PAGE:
The Latest: Lead pipe timeline splits governor, Flint mayor

AP News
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Posted: Feb 17, 2016 2:48 PM

FLINT, Mich. (AP) — The latest on the lead contamination in Flint's drinking water (all times local):

2:45 p.m.

Michigan Gov. Rick Snyder says it will take an engineering firm a month to identify lead pipes connected to Flint residents' homes, but he wants to see a "very short timeline" for some of the service lines to begin being replaced.

Flint Mayor Karen Weaver, meanwhile, said Wednesday that she intends to begin replacing pipes next week and lawmakers should quickly OK funding proposed last week by Snyder. Flint is under a state of emergency because corrosive water was allowed to leach lead from pipes into the supply.

Snyder, who declined to say pipe replacement should begin next week, cautions that taking out pipes too quickly could have unintended consequences.

Rowe Professional Services was hired Tuesday to conduct a $500,000 study, including locating thousands of lead lines running from water mains to homes and businesses. Snyder says officials do not know the composition of 10,000 service lines still.

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9:15 a.m.

A Michigan legislative committee has approved spending $30 million to help cover the water bills of Flint residents confronting a lead-contaminated supply.

The budget legislation unanimously OK'd Wednesday moves to the full House for consideration, possibly later in the day. It won approval from the Senate nearly two weeks ago.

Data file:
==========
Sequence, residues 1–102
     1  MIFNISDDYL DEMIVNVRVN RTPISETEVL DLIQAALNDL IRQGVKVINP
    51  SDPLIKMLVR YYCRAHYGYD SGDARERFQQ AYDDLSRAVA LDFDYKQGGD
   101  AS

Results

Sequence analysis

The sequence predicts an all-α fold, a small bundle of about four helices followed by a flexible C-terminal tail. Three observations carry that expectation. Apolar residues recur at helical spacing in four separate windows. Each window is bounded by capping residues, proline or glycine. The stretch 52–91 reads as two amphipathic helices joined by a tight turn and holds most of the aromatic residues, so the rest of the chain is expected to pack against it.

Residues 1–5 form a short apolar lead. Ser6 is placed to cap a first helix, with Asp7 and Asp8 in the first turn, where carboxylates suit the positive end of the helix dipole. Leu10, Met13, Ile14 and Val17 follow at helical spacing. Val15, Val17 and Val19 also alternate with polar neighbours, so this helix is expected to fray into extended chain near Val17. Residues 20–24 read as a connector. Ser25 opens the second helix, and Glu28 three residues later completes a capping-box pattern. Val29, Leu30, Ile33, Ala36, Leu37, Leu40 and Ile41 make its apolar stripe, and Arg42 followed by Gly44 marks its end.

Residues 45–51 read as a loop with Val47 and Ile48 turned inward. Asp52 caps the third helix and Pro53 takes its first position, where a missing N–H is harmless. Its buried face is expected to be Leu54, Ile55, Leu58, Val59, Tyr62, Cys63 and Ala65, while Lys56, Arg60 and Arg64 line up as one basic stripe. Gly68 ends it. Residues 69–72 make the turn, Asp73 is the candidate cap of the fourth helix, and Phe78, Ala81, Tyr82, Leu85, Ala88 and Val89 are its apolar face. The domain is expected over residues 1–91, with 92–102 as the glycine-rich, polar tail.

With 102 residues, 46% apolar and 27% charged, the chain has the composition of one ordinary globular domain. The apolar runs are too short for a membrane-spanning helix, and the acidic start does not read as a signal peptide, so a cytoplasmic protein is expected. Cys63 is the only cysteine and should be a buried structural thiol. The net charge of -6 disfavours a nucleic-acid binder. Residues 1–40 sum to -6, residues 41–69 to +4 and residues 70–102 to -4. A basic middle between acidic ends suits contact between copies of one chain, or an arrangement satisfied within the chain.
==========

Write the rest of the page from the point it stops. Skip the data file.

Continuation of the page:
The bill backed by Republican Gov. Rick Snyder would cover about two-thirds of the water portion of people's water/sewer bills, dating back nearly two years. Republicans blocked Democrats' attempt to spend $60 million to fully cover waters bills, including water not consumed or used to cook or bathe.

Separately, Snyder is pushing $165 million in additional spending over this fiscal year and next for lead pipe replacement, bottled water, filters, health care and other services.

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6 a.m.

U.S. Surgeon General Vivek Murthy says he wants to connect health care providers with community support networks as part of an effort to help Flint residents amid the city's crisis with lead-tainted water.

Murthy heard from residents Tuesday after meeting Monday with doctors, social workers, students and others. He says he heard "stories of anger and pain but also of resilience and strength."

Murthy also says those affected in Flint are "motivated to be a part of things to make it better."

Separately on Tuesday night, hundreds of people packed an informational meeting about lawsuits related to the water crisis. Environmental activist Erin Brockovich is part of the effort and addressed the crowd via an audio feed.

Brockovich urged residents to test their water for lead and get blood tests.